Lunaya Pravda

09 June 2006

Political speech or political advertising?

So where is the line between political speech and political advertising? This pretty much sums up why it's nearly impossible to make that distinction, and makes a mockery of campaign finance reform by pointing out how dangerous it is to First Amendment freedoms of speech and press.

Talk-radio case heard by state high court

But the Institute for Justice argues that, by defining radio talk as campaign contributions, Wickham imposed de facto limits on how much the hosts could say on the air. That's because, under state law, initiative campaigns are barred from accepting donations larger than $5,000 during the final 21 days before an election.

Though Wickham's initial ruling only required disclosure of the KVI hosts' "contributions" during the signature-gathering phase, the I-912 campaign went beyond that. To make a point, any time a media outlet did stories or editorials about the initiative, the campaign assigned dollar values to the news items and listed them as contributors.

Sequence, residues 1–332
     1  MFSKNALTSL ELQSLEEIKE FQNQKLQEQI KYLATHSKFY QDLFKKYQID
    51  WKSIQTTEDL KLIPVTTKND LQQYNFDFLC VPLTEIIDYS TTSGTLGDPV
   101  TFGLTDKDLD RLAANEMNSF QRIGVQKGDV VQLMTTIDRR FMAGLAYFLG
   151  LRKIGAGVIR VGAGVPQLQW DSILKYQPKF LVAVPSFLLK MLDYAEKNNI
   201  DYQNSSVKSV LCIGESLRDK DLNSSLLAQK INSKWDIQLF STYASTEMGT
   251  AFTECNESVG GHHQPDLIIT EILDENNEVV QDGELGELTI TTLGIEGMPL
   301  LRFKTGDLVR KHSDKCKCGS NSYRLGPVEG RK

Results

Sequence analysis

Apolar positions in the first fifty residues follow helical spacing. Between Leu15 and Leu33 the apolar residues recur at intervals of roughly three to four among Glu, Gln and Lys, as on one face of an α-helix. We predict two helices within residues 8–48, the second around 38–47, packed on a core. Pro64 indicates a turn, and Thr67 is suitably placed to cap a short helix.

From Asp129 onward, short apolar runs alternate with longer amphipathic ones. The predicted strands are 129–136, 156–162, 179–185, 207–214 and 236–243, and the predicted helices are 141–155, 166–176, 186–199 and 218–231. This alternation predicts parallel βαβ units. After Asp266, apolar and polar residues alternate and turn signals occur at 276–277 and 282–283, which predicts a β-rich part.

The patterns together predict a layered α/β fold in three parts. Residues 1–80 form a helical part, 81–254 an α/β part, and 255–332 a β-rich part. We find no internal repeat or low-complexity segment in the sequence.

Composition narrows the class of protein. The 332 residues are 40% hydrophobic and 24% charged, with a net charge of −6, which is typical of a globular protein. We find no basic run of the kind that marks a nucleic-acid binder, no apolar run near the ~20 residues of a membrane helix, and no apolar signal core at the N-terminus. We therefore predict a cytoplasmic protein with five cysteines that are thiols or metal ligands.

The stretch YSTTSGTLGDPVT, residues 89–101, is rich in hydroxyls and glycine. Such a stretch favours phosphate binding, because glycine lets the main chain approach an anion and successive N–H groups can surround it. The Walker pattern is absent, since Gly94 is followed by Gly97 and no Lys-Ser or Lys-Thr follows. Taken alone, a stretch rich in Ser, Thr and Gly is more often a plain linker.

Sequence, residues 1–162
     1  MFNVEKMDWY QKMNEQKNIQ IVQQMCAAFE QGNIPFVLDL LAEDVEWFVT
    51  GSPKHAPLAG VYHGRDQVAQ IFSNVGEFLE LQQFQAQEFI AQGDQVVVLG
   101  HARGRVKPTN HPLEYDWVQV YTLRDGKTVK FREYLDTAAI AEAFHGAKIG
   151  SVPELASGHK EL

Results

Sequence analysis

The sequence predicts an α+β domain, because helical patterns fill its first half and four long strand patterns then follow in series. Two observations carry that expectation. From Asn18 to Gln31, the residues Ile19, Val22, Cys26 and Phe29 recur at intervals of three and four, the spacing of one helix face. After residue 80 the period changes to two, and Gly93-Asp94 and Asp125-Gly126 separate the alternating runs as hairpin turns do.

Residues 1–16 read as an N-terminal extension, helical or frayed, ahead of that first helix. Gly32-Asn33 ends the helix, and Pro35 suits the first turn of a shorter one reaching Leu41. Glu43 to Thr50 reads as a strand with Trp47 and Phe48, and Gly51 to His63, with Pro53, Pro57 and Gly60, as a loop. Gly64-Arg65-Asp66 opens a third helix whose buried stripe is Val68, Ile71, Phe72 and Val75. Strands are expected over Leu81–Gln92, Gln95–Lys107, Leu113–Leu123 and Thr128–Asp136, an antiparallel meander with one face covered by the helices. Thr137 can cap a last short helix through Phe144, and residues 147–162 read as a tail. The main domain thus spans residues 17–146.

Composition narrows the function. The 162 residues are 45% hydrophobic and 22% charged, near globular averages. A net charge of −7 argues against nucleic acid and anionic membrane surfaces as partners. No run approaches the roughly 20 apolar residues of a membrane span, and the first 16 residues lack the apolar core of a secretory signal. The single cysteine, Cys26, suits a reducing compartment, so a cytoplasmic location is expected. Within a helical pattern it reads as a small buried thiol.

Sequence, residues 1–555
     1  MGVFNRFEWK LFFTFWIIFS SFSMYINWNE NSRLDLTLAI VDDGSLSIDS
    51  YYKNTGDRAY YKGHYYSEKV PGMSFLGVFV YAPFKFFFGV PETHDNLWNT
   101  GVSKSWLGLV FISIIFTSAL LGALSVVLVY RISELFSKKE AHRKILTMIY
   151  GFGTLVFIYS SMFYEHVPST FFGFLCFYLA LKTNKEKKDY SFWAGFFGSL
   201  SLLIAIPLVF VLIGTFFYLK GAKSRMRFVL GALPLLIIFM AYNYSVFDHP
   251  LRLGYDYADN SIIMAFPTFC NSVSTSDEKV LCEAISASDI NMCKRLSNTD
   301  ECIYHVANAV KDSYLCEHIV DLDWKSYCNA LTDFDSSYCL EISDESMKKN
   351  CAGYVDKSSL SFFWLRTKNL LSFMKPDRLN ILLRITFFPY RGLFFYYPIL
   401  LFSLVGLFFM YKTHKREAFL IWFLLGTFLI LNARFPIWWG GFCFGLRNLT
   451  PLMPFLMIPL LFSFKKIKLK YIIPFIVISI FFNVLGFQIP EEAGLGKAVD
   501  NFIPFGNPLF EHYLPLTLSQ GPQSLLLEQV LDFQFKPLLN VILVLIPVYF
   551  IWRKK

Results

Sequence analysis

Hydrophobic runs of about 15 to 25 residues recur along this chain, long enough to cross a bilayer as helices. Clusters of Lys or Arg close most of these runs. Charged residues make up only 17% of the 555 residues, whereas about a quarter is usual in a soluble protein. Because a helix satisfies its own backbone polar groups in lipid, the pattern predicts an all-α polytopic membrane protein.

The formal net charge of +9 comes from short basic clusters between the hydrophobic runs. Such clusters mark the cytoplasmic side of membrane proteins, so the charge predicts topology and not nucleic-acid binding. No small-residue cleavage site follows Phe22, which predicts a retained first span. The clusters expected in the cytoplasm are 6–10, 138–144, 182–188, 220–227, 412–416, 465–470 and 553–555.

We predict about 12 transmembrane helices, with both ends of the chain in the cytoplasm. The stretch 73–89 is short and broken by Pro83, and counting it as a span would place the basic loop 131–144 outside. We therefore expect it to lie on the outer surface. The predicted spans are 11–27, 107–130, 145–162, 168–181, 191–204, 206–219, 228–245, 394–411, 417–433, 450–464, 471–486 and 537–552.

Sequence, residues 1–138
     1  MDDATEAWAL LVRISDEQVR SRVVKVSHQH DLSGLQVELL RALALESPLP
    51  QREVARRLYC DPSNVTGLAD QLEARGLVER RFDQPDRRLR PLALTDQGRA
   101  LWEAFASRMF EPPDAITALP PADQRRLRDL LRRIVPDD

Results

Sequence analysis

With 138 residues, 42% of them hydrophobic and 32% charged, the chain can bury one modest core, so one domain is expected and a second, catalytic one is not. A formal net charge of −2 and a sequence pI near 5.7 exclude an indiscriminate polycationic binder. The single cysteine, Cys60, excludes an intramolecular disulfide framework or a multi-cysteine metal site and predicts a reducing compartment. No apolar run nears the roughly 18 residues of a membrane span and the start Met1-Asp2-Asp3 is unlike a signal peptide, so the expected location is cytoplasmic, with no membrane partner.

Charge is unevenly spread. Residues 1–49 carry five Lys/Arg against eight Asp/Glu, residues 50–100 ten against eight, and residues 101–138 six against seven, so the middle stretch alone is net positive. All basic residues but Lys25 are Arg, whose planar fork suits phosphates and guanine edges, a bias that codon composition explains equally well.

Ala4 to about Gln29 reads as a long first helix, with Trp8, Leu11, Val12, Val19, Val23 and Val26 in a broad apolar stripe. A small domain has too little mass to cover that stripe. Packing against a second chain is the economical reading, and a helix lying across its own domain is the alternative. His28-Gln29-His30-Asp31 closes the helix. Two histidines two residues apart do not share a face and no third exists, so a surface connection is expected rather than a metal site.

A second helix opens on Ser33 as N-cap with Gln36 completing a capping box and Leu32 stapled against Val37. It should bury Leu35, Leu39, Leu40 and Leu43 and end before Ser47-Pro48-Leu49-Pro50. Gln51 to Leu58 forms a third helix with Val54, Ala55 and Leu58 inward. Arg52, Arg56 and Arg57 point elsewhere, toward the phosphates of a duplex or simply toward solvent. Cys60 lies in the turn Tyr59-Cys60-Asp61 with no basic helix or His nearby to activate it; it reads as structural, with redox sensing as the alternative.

And where do political blogs fall in this spectrum? If I were to have written almost exclusively about this initiative, would my time then be accountable as a campaign donation? These questions shouldn't need to be asked, but in today's climate, we can no longer take for granted that court rulings will side with inalienable rights.

Make no mistake, political dissent is just one of the major freedoms targeted for destruction, but I see it in the broader context of an effort to sever and control the flow of information. Anyone with even a cursory knowledge of Orwell's 1984 knows how critical the flow of information is to any government that wants to retain power over its citizens.

The hood of information deprivation is sliding ever further down over our eyes. Lately I'm beginning to wonder if there ever was a time when liberty WASN'T under assault.